The isolation and analysis of single prokaryotic cells down to 1 μm and less in size poses a special challenge and requires micro-engineered devices to handle volumes in the picoliter to nanoliter range. Here, an advanced Single-Cell Printer (SCP) was applied for automated and label-free isolation and deposition of bacterial cells encapsulated in 35 pl droplets by inkjet-like printing. To achieve this, dispenser chips to generate micro droplets have been fabricated with nozzles 20 μm in size. Further, the magnification of the optical system used for cell detection was increased. Redesign of the optical path allows for collision-free addressing of any flat substrate since no compartment protrudes below the nozzle of the dispenser chip anymore. The improved system allows for deterministic isolation of individual bacterial cells. A single-cell printing efficiency of 93% was obtained as shown by printing fluorescent labeled E. coli. A 96-well plate filled with growth medium is inoculated with single bacteria cells on average within about 8 min. Finally, individual bacterial cells from a heterogeneous sample of E. coli and E. faecalis were isolated for clonal culturing directly on agar plates in user-defined array geometry. PMID:27596612

  16. Bacterial Diversity Associated with Wild Caught Anopheles Mosquitoes from Dak Nong Province, Vietnam Using Culture and DNA Fingerprint

    PubMed Central

    Ngo, Chung Thuy; Aujoulat, Fabien; Veas, Francisco; Jumas-Bilak, Estelle; Manguin, Sylvie

    2015-01-01

    Background Microbiota of Anopheles midgut can modulate vector immunity and block Plasmodium development. Investigation on the bacterial biodiversity in Anopheles, and specifically on the identification of bacteria that might be used in malaria transmission blocking approaches, has been mainly conducted on malaria vectors of Africa. Vietnam is an endemic country for both malaria and Bancroftian filariasis whose parasitic agents can be transmitted by the same Anopheles species. No information on the microbiota of Anopheles mosquitoes in Vietnam was available previous to this study. Method The culture dependent approach, using different mediums, and culture independent (16S rRNA PCR – TTGE) method were used to investigate the bacterial biodiversity in the abdomen of 5 Anopheles species collected from Dak Nong Province, central-south Vietnam. Molecular methods, sequencing and phylogenetic analysis were used to characterize the microbiota. Results and Discussion The microbiota in wild-caught Anopheles was diverse with the presence of 47 bacterial OTUs belonging to 30 genera, including bacterial genera impacting Plasmodium development. The bacteria were affiliated with 4 phyla, Actinobacteria, Bacteroidetes, Firmicutes and Proteobacteria, the latter being the dominant phylum. Four bacterial genera are newly described in Anopheles mosquitoes including Coxiella, Yersinia, Xanthomonas, and Knoellia. The bacterial diversity per specimen was low ranging from 1 to 4. The results show the importance of pairing culture and fingerprint methods to better screen the bacterial community in Anopheles mosquitoes. Conclusion Sampled Anopheles species from central-south Vietnam contained a diverse bacterial microbiota that needs to be investigated further in order to develop new malaria control approaches. The combination of both culture and DNA fingerprint methods allowed a thorough and complementary screening of the bacterial community in Anopheles mosquitoes. PMID:25747513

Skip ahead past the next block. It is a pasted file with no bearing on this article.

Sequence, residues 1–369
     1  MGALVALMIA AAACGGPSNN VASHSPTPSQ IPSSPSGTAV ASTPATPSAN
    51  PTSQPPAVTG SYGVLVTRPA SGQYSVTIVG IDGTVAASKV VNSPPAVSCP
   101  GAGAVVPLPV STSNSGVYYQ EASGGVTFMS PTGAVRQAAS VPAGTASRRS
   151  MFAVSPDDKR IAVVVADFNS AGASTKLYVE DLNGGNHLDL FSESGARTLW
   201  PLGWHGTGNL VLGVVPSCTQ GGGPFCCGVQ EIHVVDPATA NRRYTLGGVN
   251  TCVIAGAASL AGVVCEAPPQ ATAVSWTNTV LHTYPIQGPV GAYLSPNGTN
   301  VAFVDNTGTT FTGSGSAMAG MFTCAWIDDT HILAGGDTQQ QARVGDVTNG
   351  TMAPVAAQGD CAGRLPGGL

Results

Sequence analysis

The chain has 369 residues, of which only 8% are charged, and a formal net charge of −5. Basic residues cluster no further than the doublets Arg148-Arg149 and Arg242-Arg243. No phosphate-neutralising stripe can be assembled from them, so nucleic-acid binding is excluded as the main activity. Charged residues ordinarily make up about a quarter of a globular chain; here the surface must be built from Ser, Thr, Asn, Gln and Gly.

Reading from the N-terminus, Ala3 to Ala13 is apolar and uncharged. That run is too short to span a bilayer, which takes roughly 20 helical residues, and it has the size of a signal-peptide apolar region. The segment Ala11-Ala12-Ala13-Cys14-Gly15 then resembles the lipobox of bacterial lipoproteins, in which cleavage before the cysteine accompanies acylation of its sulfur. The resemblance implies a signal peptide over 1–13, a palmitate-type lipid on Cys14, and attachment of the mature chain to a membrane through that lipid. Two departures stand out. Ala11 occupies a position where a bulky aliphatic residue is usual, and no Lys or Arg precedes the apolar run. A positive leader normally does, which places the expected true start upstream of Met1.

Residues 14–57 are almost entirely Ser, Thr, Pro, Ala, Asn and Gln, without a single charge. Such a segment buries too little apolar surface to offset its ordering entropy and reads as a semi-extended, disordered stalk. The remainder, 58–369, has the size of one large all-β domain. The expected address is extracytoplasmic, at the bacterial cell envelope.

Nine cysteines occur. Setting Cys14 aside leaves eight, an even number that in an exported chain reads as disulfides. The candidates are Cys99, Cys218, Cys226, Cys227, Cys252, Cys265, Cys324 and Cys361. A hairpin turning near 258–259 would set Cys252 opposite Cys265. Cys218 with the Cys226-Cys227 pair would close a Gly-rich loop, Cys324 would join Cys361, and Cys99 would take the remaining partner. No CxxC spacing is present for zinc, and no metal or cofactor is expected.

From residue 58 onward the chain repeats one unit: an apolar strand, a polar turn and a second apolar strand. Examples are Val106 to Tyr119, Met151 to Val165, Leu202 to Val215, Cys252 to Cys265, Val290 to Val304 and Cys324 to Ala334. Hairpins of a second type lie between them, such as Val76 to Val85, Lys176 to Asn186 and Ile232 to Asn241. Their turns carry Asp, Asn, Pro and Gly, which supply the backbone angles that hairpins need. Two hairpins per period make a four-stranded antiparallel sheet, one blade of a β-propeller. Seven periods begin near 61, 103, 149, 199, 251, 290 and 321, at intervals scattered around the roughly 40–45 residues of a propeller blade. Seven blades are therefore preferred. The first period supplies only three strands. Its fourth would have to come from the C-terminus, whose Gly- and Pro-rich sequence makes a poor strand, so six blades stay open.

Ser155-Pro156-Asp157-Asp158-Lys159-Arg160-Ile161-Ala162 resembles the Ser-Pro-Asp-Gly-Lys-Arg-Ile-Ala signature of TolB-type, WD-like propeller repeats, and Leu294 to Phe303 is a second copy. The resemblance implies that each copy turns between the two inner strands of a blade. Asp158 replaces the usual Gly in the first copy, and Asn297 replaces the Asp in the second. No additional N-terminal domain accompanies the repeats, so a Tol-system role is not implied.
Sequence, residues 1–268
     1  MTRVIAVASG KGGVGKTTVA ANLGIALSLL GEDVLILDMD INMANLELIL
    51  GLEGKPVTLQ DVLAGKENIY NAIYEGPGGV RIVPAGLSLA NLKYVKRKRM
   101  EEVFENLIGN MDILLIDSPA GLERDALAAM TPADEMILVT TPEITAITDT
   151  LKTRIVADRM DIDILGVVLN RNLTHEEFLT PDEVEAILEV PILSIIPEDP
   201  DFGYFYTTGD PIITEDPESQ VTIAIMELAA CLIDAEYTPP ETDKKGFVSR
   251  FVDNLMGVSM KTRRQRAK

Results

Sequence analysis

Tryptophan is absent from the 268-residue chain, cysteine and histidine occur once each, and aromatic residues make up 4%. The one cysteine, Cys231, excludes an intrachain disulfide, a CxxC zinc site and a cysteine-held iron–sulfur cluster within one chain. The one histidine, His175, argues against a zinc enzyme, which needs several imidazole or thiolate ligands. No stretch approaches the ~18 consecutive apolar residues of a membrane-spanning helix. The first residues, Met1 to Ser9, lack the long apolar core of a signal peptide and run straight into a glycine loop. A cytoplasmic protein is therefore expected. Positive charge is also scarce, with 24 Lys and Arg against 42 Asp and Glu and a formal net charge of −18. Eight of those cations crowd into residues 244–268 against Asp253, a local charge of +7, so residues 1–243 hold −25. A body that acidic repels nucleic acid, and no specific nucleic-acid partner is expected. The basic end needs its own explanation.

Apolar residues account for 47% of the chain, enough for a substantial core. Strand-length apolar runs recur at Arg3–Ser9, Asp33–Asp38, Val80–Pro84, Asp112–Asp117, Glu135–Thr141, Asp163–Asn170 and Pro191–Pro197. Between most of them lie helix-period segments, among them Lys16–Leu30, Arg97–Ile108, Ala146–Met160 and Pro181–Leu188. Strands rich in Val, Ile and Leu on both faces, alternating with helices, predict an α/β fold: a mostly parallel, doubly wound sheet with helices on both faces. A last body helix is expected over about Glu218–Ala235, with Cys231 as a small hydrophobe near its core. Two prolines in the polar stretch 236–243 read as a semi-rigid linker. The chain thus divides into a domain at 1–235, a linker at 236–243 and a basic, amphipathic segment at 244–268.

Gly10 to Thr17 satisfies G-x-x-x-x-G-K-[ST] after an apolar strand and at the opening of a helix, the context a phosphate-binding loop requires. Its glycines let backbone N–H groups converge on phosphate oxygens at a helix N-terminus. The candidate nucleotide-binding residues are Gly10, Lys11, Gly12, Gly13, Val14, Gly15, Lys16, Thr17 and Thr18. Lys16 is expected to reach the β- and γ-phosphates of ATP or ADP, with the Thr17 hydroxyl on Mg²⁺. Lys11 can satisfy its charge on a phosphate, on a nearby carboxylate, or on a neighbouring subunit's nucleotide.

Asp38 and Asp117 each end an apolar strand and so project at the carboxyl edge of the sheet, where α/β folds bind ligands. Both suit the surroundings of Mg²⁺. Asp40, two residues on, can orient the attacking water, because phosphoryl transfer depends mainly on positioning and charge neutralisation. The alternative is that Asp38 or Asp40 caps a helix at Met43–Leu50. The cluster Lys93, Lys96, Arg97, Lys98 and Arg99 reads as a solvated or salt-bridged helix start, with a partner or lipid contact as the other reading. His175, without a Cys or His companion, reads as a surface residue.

17. Inhibition of bacterial growth in sweet cheese whey by carbon dioxide as determined by culture-independent community profiling.

    PubMed

    Lo, Raquel; Xue, Tian; Weeks, Mike; Turner, Mark S; Bansal, Nidhi

    2016-01-18

    Whey is a valuable co-product from cheese making that serves as a raw material for a wide range of products. Its rich nutritional content lends itself to rapid spoilage, thus it typically needs to be pasteurised and refrigerated promptly. Despite the extensive literature on milk spoilage bacteria, little is known about the spoilage bacteria of whey. The utility of carbon dioxide (CO2) to extend the shelf-life of raw milk and cottage cheese has been well established, but its application in whey preservation has not yet been explored. This study aims to characterise the microbial populations of fresh and spoiled sweet whey by culture-independent community profiling using 454 pyrosequencing of 16S rRNA gene amplicons and to determine whether carbonation is effective in inhibiting bacterial growth in sweet whey. The microbiota of raw Cheddar and Mozzarella whey was dominated by cheese starter bacteria. After pasteurisation, two out of the three samples studied became dominated by diverse environmental bacteria from various phyla, with Proteobacteria being the most dominant. Diverse microbial profiles were maintained until spoilage occurred, when the entire population was dominated by just one or two genera. Whey spoilage bacteria were found to be similar to those of milk. Pasteurised Cheddar and Mozzarella whey was spoiled by Bacillus sp. or Pseudomonas sp., and raw Mozzarella whey was spoiled by Pseudomonas sp., Serratia sp., and other members of the Enterobacteriaceae family. CO2 was effective in inhibiting bacterial growth of pasteurised Cheddar and Mozzarella whey stored at 15°C and raw Mozzarella whey stored at 4°C. The spoilage bacteria of the carbonated samples were similar to those of the non-carbonated controls. PMID:26476573

  18. Bacterial community analysis of cypermethrin enrichment cultures and bioremediation of cypermethrin contaminated soils.

    PubMed

    Akbar, Shamsa; Sultan, Sikander; Kertesz, Michael

    2015-07-01